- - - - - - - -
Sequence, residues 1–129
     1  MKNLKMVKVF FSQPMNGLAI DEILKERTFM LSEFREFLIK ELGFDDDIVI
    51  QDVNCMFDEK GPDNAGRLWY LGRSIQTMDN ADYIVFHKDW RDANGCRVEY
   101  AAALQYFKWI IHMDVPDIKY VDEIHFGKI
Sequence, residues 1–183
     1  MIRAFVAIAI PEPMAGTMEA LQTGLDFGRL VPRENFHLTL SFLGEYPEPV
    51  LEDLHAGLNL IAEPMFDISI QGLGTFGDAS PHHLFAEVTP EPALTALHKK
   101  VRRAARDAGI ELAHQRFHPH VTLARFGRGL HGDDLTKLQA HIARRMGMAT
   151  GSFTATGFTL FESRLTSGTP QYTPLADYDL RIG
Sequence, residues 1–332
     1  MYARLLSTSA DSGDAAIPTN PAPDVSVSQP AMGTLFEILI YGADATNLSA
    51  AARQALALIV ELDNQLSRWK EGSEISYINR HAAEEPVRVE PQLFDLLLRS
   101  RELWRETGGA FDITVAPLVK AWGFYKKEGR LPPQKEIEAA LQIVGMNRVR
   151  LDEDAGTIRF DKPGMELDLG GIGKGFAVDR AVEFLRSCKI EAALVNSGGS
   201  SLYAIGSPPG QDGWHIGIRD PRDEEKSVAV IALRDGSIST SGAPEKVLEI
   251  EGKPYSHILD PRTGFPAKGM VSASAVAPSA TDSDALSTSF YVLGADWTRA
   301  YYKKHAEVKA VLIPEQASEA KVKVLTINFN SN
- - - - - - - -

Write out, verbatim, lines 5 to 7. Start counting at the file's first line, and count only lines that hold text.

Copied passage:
Sequence, residues 1–183
     1  MIRAFVAIAI PEPMAGTMEA LQTGLDFGRL VPRENFHLTL SFLGEYPEPV
    51  LEDLHAGLNL IAEPMFDISI QGLGTFGDAS PHHLFAEVTP EPALTALHKK